Two years ago a joint team from the Federal University of Pernambuco (UFPE) and the Federal University of Paraíba (UFPB) had in their hands three teeth from two gigantic mammals that had inhabited the Northeast region, but they weren’t able to precisely place them on the geological timescale. As the search for answers sometimes involves the collaboration of other specialists, the paleontologists got in touch with a physics group at the University of Sao Paulo (USP) in the town of Ribeirão Preto.
Submitted to dating by way of the quantity of radiation that they had accumulated, the fossils revealed when the mastodons and the distant parents of the llama, the American representative of the camel family, lived. One of the teeth of the mastodon, an animal related to the elephant knows as Haplomastodon waringi, belonged to an individual that lived in the Northeast 49,000 years ago; the other tooth is from an example of this same species that had lived in the region some 40,000 years ago, according to the study published in the magazine Applied Radiation and Isotopes. However, the relative of the llama – the macrauchenia or Xenorhinotherium baiense – is a little older: it lived some 52,000 years ago, as the tooth that resisted with time revealed.
The fossils were buried about one meter down in the lake called Lagoa de Dentro, a slight depression that accumulated water and stones in Puxinanã, in the rural part of state of Paraiba. At these locations, known as water hole depositaries, these animals quenched their thirst at the end of the Holocene era and at the start of the Pleistocene era, the period during which they lived. This transition, marked by the passage from a glacial period to an inter-glacial period, changed the vegetation and the climate of the Northeast to the point of leading to the extinction of the megafauna, which included these two species.
Generally the animals of the megafauna were herbivores. They grazed in the sparse vegetation of the savannah that gave way to the current Caatinga (shrubland) and they searched for water at the watering holes. “Already weakened by hunger and thirst, many of these animals died there of exhaustion or were attacked by a saber-toothed tiger”, suggests Alcina Barreto, a paleontologist from UFPE who dug in the area with her colleague José Augusto Costa de Almeida, from UFPB. “It is for this reason that the deposits of the water holes are rich in fossils of the megafauna.”
The mastodon was larger than the current elephant. They had tusks of up to 1.5 meters in length, directed upwards, went around in herds and fed themselves on sprouts, shrubs and grass. Their teeth grew continuously and were substituted by others whenever they were worn out through chewing. The macrauchenia, also a herbivore, was a little larger than a horse of today.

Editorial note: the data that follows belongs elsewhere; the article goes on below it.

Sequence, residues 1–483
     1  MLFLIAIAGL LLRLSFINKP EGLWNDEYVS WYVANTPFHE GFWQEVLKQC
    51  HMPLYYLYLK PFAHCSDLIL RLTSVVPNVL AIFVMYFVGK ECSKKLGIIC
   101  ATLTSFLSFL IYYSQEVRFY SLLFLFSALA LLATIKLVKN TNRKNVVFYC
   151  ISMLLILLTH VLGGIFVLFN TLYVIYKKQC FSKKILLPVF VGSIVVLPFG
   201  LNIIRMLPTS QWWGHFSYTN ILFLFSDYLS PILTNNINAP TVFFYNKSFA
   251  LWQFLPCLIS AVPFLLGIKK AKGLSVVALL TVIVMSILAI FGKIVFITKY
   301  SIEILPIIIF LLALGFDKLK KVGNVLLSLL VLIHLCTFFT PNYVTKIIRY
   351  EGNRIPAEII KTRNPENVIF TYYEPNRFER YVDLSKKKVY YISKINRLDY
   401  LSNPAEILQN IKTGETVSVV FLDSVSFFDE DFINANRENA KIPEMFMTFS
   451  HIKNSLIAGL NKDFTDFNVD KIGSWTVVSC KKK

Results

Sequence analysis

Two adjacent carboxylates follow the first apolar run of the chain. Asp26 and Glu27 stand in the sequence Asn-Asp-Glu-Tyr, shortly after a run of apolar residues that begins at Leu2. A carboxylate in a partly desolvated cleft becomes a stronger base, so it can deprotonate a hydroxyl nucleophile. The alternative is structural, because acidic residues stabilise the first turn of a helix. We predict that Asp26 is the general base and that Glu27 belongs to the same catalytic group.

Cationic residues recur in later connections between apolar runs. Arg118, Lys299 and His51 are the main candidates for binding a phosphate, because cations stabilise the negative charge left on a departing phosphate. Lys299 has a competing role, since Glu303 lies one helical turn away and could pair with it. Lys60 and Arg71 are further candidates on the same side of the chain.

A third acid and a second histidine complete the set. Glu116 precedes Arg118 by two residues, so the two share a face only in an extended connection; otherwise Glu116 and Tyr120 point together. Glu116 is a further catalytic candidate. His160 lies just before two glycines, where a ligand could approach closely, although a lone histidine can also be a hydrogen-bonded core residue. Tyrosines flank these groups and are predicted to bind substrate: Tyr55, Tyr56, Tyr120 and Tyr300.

Similar to Argentina
The British naturalist Charles Darwin found fossils of a similar animal in Tierra del Fuego, in Argentina, during one of his stops on his journey around the world aboard the Beagle. Darwin placed it in the group of the ungulates, hoofed quadrupeds, but he dealt with it as a species restricted to South America from which today direct or indirect descendents did not exist. The animal weighed around one ton, three times more than a tapir, currently the largest mammal in South America, and had legs similar to those of the llamas. Its body was robust like that of a horse and was as long as three meters, including its neck and head. It had a snout longer than a tapir, but shorter than the trunk of an elephant.
The species from Patagonia was a little different from that found in Brazil. The two belonged to the order of the litopterns, but were of different species. The one found to have lived in Argentina got its scientific name during the 19th century: Macrauchenia patachonica, meaning something from Patagonia with a huge bull-neck (auchenia is the Greek term that means a long neck). The macrauchenia brasileira is equally long necked, but has nostrils further back – behind its eyes – than the corresponding Argentinean species.
Teeth and the atomic bomb
The teeth of the mastodons and the macrauchenia were dated at USP in Ribeirão Preto by the physicist Oswaldo Baffa and by his then doctorate student Angela Kinoshita, in collaboration with Ana Figueiredo, from the Nuclear and Energy Research Institute – IPEN, of Sao Paulo.
The method used, namely Electron Spin Resonance (ESR), consists in the determination of the radiation dose, called archeological dose, of the fossil sample. The archeological dose comes from the radiation emitted principally by radioactive chemical elements in the soil and received by the fossil during the period in which it was buried. The average annual dose is around 1 milli-Gray (a Gray is the measured unit of the radiation dose). “In a first evaluation, a fossil with an archeological dose of 20 Grays is 20,000 years old”, says Angela.
Invented in Russia some sixty years ago, the ESR technique can evaluate bones, teeth (fossils) and pre-historic ceramics. Teeth are easier to date because of the high level of mineralization. The pioneer in the use of this technique in Brazil was the physicist Sérgio Mascarenhas, from USP in the town of Sao Carlos, who some thirty years ago used it to determine the dose of radiation received by the victims of the atomic bomb that exploded in 1945 on the city of Hiroshima. Mascarenhas began to carry out archeological dating in 1980, in conjunction with Baffa and researchers from Japan.Republish